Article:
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washingtonpost.com > Metro > Special Reports > Bicentennial

Henderson Castle (The Washington Post)
About This Series
During Washington's bicentennial year as the U.S. capital, The Post is running a monthly series on the people and events that shaped this city during its formative years.
Previous Post Series
 The Washington Century: Stories About Washington in the 1900s
A Socialite's Lost Dreams for 16th St. 
In the late 19th Century, Mary Newton Foote Henderson bought up 300 lots along 16th Street, and envisioned the area becoming the very center of federal society.

'Boss' Shepherd Got the Job Done -- at a Steep Price
The rat-hunting terriers stood at the ready, eagerly waiting for the walls of the District's Northern Liberties Market to come crumbling down. Despite vigorous protests by the people who made their living there, the decrepit and unsanitary old building at what is now Mount Vernon Square had been ordered demolished by Alexander "Boss" Shepherd, head of the city's Board of Public Works.

The Battle for Suffrage in The District
Washington's 1869 election was one of the most violent in the city's history, precipitated by fears that old-line, racist Democrats would regain the power they had lost in 1867 when Congress gave black residents the right to vote.

'Rebel Rose' the Spy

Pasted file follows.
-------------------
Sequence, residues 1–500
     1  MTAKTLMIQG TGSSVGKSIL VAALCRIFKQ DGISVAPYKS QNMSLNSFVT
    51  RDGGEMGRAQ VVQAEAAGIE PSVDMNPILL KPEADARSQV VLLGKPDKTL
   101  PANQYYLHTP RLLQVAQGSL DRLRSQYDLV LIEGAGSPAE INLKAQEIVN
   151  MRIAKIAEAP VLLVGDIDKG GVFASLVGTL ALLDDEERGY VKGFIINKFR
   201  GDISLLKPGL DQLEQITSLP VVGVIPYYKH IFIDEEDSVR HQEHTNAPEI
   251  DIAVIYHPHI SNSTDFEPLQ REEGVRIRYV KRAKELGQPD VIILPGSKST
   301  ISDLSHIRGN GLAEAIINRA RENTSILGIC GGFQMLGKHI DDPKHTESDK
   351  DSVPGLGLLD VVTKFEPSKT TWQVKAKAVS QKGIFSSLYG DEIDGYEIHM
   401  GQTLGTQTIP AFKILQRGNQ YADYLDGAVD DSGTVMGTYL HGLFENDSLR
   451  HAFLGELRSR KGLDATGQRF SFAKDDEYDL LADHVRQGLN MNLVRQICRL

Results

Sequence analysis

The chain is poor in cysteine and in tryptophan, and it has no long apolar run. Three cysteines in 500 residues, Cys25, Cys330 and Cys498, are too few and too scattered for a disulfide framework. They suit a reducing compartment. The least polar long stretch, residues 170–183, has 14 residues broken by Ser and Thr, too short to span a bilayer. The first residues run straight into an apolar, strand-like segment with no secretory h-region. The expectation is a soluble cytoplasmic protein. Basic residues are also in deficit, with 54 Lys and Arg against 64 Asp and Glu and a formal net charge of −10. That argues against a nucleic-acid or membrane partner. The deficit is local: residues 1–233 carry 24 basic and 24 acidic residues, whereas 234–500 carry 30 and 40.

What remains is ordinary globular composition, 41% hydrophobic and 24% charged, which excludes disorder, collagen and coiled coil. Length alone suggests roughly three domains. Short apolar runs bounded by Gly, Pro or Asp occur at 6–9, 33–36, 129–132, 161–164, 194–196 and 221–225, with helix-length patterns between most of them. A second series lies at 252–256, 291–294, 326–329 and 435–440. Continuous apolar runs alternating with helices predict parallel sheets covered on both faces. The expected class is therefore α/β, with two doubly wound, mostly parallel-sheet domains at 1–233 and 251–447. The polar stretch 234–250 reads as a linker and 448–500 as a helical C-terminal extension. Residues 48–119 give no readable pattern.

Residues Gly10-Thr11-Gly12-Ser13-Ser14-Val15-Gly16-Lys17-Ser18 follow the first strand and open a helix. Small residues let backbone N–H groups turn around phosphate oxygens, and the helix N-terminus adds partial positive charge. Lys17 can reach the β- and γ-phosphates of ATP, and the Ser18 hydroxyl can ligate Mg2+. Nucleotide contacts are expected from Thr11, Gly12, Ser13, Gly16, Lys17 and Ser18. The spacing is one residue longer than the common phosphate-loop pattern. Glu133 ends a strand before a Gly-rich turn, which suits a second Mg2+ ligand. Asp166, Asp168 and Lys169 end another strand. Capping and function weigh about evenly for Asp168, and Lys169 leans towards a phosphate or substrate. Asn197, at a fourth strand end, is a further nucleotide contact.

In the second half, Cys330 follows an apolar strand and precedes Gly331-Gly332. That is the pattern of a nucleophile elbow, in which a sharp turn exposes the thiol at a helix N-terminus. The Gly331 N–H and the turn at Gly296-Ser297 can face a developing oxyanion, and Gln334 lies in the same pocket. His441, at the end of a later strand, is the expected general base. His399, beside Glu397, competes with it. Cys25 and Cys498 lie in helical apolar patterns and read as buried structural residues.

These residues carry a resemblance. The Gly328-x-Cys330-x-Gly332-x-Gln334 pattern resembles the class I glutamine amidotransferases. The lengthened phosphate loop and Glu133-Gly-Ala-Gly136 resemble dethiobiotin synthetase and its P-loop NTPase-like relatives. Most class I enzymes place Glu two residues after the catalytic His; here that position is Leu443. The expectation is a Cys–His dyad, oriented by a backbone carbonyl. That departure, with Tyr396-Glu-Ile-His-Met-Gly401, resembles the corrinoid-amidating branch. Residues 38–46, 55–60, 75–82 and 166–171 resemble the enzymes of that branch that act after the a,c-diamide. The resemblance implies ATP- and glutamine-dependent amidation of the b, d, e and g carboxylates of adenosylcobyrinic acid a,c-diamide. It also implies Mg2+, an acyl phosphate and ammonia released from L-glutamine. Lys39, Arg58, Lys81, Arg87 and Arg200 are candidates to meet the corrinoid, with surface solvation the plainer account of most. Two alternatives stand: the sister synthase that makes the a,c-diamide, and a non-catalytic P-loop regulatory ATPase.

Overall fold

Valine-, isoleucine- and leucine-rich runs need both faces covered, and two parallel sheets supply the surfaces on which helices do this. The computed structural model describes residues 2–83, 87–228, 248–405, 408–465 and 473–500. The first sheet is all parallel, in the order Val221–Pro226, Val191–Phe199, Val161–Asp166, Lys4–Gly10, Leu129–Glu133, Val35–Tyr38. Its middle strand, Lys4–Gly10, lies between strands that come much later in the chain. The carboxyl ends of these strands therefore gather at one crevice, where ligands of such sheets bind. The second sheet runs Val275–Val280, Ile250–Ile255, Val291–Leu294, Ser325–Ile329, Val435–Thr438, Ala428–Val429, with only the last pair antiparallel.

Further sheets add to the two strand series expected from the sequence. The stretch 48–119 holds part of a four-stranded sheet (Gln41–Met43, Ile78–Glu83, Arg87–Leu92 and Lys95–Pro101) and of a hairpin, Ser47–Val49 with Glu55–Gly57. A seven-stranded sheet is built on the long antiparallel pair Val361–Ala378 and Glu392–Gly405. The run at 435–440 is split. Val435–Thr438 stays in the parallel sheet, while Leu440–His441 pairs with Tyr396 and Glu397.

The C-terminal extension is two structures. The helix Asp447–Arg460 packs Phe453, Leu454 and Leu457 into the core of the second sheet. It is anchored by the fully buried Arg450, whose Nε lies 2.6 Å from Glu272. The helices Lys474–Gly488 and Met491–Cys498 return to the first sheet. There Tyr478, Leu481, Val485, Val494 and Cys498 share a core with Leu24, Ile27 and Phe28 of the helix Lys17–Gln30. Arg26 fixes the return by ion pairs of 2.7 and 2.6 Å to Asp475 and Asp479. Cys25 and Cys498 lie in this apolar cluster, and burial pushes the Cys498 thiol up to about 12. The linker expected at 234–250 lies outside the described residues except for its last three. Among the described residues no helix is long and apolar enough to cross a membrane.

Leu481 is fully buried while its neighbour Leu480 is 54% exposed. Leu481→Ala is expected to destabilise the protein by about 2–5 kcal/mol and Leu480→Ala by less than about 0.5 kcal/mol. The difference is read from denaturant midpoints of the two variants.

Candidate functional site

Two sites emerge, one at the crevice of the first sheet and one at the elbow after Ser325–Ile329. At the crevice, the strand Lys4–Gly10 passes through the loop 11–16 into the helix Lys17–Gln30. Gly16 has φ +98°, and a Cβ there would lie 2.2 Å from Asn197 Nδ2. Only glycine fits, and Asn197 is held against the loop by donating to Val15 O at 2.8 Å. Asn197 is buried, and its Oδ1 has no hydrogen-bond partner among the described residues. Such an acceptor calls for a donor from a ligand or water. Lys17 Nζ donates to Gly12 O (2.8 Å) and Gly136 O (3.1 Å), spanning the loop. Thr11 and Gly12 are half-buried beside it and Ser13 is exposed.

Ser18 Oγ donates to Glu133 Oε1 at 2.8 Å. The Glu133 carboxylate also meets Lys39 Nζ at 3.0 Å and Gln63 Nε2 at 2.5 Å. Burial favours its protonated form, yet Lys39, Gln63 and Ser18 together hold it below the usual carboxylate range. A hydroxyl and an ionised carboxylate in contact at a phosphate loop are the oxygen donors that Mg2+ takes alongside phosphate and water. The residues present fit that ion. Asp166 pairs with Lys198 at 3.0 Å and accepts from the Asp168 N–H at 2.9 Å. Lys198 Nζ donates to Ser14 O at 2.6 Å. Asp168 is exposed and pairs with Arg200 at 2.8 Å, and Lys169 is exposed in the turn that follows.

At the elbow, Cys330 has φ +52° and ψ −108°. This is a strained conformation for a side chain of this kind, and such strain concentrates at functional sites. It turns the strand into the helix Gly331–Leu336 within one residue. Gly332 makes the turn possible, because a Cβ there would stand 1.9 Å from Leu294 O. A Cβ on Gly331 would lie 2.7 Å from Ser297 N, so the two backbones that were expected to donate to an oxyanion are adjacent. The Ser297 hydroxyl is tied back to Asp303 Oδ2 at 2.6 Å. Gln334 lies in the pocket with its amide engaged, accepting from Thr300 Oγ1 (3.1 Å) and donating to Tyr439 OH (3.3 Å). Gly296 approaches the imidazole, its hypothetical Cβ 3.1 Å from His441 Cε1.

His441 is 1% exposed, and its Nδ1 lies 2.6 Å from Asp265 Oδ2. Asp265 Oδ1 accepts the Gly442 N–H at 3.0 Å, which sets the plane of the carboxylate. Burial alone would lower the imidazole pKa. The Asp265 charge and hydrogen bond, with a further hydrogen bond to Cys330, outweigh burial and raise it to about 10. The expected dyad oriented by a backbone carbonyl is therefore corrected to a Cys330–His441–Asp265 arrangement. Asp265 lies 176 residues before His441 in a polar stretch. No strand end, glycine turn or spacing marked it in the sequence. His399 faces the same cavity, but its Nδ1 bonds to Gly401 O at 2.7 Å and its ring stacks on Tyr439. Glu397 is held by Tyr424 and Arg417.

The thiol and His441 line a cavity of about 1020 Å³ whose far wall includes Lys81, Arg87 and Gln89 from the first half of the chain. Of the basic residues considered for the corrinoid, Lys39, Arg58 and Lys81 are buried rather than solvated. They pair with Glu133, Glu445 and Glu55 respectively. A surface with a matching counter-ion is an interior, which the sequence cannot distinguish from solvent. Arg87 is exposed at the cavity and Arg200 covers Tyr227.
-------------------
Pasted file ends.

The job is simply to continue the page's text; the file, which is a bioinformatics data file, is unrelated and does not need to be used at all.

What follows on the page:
Rose O'Neal Greenhow's spy ring that tried to undermine the Union effort during the Civil War adds a unique chapter to the city's history.

Mr. Lincoln's Town: Muddy And Southern
One day in the 1860s, a Major Biddle was riding up Pennsylvania Avenue on horseback when he confronted two officers and a civilian riding in the opposite direction. The major's standing orders required him to ask for documents: "Show me your passes," he said, "or I will arrest you."

The Capitol's Slave Labor
A bill would honor hundreds of black slaves and freemen who helped build the Capitol and the White House.
 What's Your Opinion?

Betrayal, Bloodshed in Sight of White House
Daniel E. Sickles was astonished. When he looked out the window of his mansion at Lafayette Square, the congressman saw his wife's lover signaling her in broad daylight, waving a white handkerchief toward her bedroom window. Enraged, Sickles grabbed two derringers and a revolver, left the house and strode to the other side of the park, where he found his prey, Philip Barton Key.

In Faraway, All-White Anacostia
Near the muddy edge of the Eastern Branch River, under towering trees with gorgeous emerald leaves, real estate developer John Van Hook and his partners subdivided their land into a few hundred housing lots and put them up for sale.

C&O: The Little Canal That Couldn't
The serial disappointments that attended the building of the C&O Canal warped the capital's economy and outlook well into the Industrial Age.

The Longest, Hottest Summer
The sweltering languor of August in Washington gave way to a spreading panic in 1814. It was two years into America's second war with Britain and the enemy was marching ever closer to the heart of her former colonies. Local residents--having heard of the terrible destruction already inflicted by the British on a number of towns along the Chesapeake Bay--were eager to escape the coming onslaught.

Bold Vision, Humble Start
Two hundred years ago, when the federal government moved reluctantly from its comfortable quarters in Philadelphia, it arrived in a city of grand aspirations but muddy reality. The population was 2,587 free inhabitants and 623 slaves. During the century that followed, this unlikely capital gradually began to find its shape and character.



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